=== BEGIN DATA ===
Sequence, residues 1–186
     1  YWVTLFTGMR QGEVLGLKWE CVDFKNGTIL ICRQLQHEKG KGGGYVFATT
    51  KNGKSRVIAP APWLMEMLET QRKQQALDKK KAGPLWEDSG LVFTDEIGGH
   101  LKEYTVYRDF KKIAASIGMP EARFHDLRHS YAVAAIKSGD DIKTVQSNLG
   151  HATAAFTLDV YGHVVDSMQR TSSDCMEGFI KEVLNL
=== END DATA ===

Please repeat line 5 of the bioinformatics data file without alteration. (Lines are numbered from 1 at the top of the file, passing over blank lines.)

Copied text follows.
   151  HATAAFTLDV YGHVVDSMQR TSSDCMEGFI KEVLNL